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Obama Maintains Hope for Two-State Solution to Israeli-Palestinian Conflict

FILE - U.S. President Barack Obama speaks about the framework agreement on Iran's nuclear program announced by negotiators in Switzerland during a statement in the Rose Garden of the White House in Washington, April 2, 2015.

President Barack Obama said he has not given up hope for a two-state solution to the Israeli-Palestinian conflict, but noted that simmering tensions in the region and "serious questions" about overall commitment have stifled progress.

In a wide-ranging interview Tuesday with the London-based Arabic-language newspaper Ashaq al-Awsat, Obama said peace between the Israelis and Palestinians is not only possible, but is in the national security interest of the United States as well. He said that is why the U.S. has worked so hard over the years for a two-state solution and to develop innovative ways to address Israeli security and Palestinian sovereignty needs.

Obama said he expects the new Israeli government and the Palestinians to demonstrate a genuine commitment to a two-state solution.

The U.S. president also answered questions about Thursday's summit at Camp David in Maryland with leaders and officials from the Gulf Cooperation Council (GCC). At the summit, Obama is expected to solidify the U.S. alliance with Gulf nations and to promote his pending nuclear deal with Iran, while also focusing on other regional concerns such as growth of the Islamic State.

US-Gulf Cooperation

Obama told Ashaq al-Awsat that his deal with Iran aimed at preventing it from obtaining a nuclear weapon is "the best way to ensure the security of the region, including our GCC partners." He said countries in the region are right to be deeply concerned about Iran's activities, "especially its support for violent proxies inside the borders of other nations."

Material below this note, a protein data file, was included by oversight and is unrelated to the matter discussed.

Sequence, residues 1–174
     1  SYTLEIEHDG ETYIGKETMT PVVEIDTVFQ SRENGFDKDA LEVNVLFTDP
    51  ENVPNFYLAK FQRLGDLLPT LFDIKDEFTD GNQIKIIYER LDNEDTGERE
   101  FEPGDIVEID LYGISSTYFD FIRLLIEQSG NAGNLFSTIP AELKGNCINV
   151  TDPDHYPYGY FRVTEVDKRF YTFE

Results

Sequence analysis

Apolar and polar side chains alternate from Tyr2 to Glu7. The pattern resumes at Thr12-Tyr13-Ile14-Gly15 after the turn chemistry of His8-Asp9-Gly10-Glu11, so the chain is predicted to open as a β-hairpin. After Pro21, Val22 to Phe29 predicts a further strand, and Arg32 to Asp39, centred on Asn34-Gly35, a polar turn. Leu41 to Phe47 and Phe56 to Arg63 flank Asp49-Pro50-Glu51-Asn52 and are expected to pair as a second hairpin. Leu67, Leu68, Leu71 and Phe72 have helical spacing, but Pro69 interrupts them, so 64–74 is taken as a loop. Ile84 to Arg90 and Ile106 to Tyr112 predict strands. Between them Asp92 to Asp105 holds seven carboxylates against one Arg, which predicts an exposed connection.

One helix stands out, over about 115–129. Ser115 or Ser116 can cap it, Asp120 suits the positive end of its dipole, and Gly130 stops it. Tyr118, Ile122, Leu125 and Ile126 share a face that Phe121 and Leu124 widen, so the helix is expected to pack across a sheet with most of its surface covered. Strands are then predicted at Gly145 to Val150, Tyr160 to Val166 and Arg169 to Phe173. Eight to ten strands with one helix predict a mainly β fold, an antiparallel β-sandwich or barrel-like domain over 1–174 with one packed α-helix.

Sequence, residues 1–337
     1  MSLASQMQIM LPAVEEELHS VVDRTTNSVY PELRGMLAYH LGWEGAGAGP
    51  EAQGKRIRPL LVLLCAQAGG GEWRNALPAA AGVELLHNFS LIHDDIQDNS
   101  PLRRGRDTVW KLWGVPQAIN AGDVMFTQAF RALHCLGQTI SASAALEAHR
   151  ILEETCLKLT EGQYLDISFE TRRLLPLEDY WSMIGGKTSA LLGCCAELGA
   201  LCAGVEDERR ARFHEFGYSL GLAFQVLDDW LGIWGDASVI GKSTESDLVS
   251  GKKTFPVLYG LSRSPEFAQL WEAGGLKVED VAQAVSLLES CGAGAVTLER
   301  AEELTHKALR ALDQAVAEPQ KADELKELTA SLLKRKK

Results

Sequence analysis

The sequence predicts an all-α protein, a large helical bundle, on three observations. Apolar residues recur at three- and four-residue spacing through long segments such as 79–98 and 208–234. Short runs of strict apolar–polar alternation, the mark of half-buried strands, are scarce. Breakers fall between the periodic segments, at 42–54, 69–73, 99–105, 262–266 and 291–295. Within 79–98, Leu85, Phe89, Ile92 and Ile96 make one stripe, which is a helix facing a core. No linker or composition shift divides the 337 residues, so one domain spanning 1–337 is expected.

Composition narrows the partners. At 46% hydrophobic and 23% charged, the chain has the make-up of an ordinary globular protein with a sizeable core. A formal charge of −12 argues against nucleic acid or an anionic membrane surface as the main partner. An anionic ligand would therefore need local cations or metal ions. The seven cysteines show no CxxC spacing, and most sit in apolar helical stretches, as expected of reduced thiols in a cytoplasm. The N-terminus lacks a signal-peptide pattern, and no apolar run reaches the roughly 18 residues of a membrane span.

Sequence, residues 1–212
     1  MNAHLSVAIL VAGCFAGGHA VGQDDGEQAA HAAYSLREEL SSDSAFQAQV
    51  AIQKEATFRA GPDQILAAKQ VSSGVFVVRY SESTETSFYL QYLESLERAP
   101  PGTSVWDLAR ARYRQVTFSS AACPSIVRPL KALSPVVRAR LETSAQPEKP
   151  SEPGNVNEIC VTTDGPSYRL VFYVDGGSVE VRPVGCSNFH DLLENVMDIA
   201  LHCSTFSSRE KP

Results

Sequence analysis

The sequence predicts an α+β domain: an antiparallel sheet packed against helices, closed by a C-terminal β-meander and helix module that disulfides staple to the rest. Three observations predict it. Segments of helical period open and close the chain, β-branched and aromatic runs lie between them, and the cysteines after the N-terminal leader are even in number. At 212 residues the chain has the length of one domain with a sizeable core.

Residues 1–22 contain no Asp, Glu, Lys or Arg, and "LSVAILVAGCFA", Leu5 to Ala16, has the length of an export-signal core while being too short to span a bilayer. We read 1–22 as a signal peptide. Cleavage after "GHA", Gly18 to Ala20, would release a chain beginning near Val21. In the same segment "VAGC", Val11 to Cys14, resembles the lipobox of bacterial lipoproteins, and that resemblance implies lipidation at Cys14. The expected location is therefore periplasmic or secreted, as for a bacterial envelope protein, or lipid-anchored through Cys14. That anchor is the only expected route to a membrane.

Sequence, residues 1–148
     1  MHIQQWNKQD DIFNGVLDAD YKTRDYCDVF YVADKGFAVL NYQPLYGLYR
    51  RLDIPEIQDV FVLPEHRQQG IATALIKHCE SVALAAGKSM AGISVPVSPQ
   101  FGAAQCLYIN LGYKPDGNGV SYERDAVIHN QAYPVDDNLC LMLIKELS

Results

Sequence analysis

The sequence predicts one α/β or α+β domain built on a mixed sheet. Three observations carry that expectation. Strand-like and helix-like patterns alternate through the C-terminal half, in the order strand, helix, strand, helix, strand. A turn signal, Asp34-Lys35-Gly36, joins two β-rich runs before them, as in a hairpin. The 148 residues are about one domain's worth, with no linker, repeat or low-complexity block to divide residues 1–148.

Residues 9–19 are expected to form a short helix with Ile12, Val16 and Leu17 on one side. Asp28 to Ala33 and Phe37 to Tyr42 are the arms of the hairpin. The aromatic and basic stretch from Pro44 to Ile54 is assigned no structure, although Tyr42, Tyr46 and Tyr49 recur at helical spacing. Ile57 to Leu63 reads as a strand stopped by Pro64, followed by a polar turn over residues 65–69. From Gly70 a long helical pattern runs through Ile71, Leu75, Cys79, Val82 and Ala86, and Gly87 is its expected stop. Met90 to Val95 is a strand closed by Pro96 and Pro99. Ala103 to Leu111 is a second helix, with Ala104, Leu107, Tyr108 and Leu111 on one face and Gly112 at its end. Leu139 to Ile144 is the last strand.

President Obama said he will discuss common challenges with GCC representatives, including working to resolve conflicts across the Middle East that have "taken so many innocent lives and caused so much suffering for the people of the region."

Of the six participating Gulf nations, only the emirs of Kuwait and Qatar will be present. Bahrain, the United Arab Emirates, Saudi Arabia and Oman will send senior officials and not heads of state.

The White House dismissed reports that the absence of Gulf country leaders is a snub and will put a damper on talks aimed at strengthening the security relationship between the United States and the GCC. Some media reports have speculated that Gulf leaders are concerned Obama is conceding too much to Iran in his nuclear deal.

In his interview with Ashaq al-Awsat, Obama also talked about the situation in Iraq, saying international efforts to destroy the Islamic state will "take some time." He said the U.S.-led air campaign that includes Arab partners has halted the advance of Islamic State militants and has pushed them back in some places.

Obama also said the U.S. should not impose a military solution on Iraq, saying U.S. personnel are helping to train and strengthen Iraqi forces so they can be more effective.